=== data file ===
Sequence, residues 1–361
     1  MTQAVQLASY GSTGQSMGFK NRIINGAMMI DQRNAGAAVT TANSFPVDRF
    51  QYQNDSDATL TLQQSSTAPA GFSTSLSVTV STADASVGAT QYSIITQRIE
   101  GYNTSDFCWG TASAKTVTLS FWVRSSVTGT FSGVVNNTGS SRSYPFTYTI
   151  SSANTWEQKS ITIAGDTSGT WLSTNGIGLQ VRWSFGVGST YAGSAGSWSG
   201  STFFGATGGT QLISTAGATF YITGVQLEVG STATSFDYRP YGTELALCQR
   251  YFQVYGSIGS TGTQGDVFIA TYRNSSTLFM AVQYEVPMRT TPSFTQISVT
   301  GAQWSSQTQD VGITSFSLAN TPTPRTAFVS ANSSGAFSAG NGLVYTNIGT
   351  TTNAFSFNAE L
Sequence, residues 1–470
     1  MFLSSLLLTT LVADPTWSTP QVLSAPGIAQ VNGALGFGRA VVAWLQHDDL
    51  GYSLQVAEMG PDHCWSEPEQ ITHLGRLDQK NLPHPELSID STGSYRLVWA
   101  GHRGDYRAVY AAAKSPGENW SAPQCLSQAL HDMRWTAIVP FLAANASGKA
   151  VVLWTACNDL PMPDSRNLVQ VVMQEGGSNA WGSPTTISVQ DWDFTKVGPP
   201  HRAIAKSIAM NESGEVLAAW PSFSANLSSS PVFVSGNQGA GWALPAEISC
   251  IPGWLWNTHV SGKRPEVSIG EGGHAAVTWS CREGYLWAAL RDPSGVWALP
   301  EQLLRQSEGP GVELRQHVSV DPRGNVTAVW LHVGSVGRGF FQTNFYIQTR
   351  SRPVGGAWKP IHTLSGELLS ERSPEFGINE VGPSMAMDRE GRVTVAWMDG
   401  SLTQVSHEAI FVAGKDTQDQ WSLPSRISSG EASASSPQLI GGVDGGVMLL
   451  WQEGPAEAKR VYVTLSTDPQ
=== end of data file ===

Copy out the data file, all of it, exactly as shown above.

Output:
Sequence, residues 1–361
     1  MTQAVQLASY GSTGQSMGFK NRIINGAMMI DQRNAGAAVT TANSFPVDRF
    51  QYQNDSDATL TLQQSSTAPA GFSTSLSVTV STADASVGAT QYSIITQRIE
   101  GYNTSDFCWG TASAKTVTLS FWVRSSVTGT FSGVVNNTGS SRSYPFTYTI
   151  SSANTWEQKS ITIAGDTSGT WLSTNGIGLQ VRWSFGVGST YAGSAGSWSG
   201  STFFGATGGT QLISTAGATF YITGVQLEVG STATSFDYRP YGTELALCQR
   251  YFQVYGSIGS TGTQGDVFIA TYRNSSTLFM AVQYEVPMRT TPSFTQISVT
   301  GAQWSSQTQD VGITSFSLAN TPTPRTAFVS ANSSGAFSAG NGLVYTNIGT
   351  TTNAFSFNAE L
Sequence, residues 1–470
     1  MFLSSLLLTT LVADPTWSTP QVLSAPGIAQ VNGALGFGRA VVAWLQHDDL
    51  GYSLQVAEMG PDHCWSEPEQ ITHLGRLDQK NLPHPELSID STGSYRLVWA
   101  GHRGDYRAVY AAAKSPGENW SAPQCLSQAL HDMRWTAIVP FLAANASGKA
   151  VVLWTACNDL PMPDSRNLVQ VVMQEGGSNA WGSPTTISVQ DWDFTKVGPP
   201  HRAIAKSIAM NESGEVLAAW PSFSANLSSS PVFVSGNQGA GWALPAEISC
   251  IPGWLWNTHV SGKRPEVSIG EGGHAAVTWS CREGYLWAAL RDPSGVWALP
   301  EQLLRQSEGP GVELRQHVSV DPRGNVTAVW LHVGSVGRGF FQTNFYIQTR
   351  SRPVGGAWKP IHTLSGELLS ERSPEFGINE VGPSMAMDRE GRVTVAWMDG
   401  SLTQVSHEAI FVAGKDTQDQ WSLPSRISSG EASASSPQLI GGVDGGVMLL
   451  WQEGPAEAKR VYVTLSTDPQ